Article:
American Capitalism May Be Broken, But the Reddit “Bros” Are Not the Ones to Fix It

Richard Paul Pasquier
4 min readJan 30, 2021
Photo by Austin Distel on Unsplash

One of the more maddening features of the whole GameStop controversy is the confusion around which side is defending the integrity of the “free market.” Most journalists reporting the story seem to give credence to the idea that it’s the “finance bros” in the WallStreetBets sub-reddit who are defending the markets against the nasty hedge-funds who have rigged it. And in conversation with those reading the headlines and skimming the rest, you hear all sorts of things about the evils of “Wall Street” but the speakers are vague about what that term means, often mixing up hedge funds, with private equity, investment banks among other “evil-doers.” The most hilarious aspect is the degree to which such speakers also see the populists as somehow championing the “integrity of the free market” or “capitalism” against Wall Street insiders.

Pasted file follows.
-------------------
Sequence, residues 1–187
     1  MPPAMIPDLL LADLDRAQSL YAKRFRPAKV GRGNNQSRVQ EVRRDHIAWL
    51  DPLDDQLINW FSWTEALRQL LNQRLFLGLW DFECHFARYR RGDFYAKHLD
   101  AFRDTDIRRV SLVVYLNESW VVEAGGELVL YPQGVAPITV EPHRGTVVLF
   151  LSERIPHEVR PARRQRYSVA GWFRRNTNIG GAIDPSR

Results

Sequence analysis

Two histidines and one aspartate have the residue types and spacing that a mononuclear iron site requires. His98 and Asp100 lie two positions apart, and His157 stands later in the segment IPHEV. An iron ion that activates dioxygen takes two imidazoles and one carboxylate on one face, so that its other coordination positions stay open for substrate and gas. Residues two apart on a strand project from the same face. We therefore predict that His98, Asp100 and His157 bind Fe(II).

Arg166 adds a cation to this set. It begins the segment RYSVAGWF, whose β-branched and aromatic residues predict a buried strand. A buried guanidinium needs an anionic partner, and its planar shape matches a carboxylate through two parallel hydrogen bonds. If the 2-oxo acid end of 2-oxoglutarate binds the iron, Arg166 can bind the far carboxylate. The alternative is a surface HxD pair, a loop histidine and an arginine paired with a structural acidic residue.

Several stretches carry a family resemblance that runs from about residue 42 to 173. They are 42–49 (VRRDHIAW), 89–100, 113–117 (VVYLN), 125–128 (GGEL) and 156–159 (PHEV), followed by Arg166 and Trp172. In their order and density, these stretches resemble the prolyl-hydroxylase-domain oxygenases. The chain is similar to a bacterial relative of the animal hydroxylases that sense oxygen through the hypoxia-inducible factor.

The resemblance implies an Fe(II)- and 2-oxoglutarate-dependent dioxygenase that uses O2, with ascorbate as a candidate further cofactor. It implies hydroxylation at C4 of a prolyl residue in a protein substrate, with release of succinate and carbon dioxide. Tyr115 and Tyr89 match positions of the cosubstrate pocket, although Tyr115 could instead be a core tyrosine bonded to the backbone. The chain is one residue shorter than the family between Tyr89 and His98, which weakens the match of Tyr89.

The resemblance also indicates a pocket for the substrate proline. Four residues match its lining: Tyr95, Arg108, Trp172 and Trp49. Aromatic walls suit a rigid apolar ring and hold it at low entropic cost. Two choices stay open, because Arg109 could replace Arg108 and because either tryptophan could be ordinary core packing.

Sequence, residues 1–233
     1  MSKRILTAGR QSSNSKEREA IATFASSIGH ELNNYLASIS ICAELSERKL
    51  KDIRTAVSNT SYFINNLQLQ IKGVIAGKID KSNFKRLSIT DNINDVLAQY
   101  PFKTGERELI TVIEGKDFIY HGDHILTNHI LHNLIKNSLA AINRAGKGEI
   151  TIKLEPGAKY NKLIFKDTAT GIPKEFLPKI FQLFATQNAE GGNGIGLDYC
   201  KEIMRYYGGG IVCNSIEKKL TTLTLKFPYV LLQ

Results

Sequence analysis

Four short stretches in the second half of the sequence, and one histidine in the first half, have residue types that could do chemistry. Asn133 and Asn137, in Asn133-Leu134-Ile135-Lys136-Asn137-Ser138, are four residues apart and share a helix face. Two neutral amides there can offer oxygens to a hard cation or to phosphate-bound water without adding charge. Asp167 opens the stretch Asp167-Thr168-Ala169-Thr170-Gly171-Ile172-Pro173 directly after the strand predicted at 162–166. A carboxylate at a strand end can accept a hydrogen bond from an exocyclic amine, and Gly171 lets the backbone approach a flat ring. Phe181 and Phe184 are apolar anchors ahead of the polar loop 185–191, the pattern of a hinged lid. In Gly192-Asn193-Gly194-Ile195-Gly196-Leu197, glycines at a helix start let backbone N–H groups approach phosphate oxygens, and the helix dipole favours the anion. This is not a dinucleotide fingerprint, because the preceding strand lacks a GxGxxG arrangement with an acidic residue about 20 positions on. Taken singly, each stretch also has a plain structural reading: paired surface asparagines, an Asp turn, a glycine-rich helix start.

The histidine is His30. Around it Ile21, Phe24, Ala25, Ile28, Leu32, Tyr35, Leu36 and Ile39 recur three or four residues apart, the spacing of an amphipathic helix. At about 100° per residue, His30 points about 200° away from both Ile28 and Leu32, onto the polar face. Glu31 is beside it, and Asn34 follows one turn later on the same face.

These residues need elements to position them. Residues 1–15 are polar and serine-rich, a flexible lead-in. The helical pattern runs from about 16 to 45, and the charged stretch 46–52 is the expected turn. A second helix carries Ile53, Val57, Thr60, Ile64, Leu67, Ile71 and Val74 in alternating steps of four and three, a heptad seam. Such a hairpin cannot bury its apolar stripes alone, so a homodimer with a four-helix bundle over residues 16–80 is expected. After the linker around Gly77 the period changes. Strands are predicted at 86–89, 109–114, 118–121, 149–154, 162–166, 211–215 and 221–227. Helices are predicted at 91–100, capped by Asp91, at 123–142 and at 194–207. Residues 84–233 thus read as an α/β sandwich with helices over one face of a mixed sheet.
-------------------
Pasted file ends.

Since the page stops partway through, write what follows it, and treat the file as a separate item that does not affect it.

The answer is no one in this story is on the side of the angels; neither the “populists” pushing up the price of GameStop and other shorted stocks nor the “finance professionals” shorting them. Looking only at whose strategy promotes “the integrity of the free market” in the sense of being more likely to prevent speculative bubbles from becoming dangerous, it is actually the hedge funds who are acting “more responsibly” in this scenario. Yes, the compensation structures of hedge fund managers are horribly skewed and allow them to potentially walk off with disproportionate compensation if their investors make money. But by taking short positions in stocks who are potentially overvalued, hedge funds are acting the way market theory says they should. The GameStop populists are swimming against the inevitable tide of fundamentals, and in the end are pumping up a bubble which when it bursts inevitably will cause more pain in the end.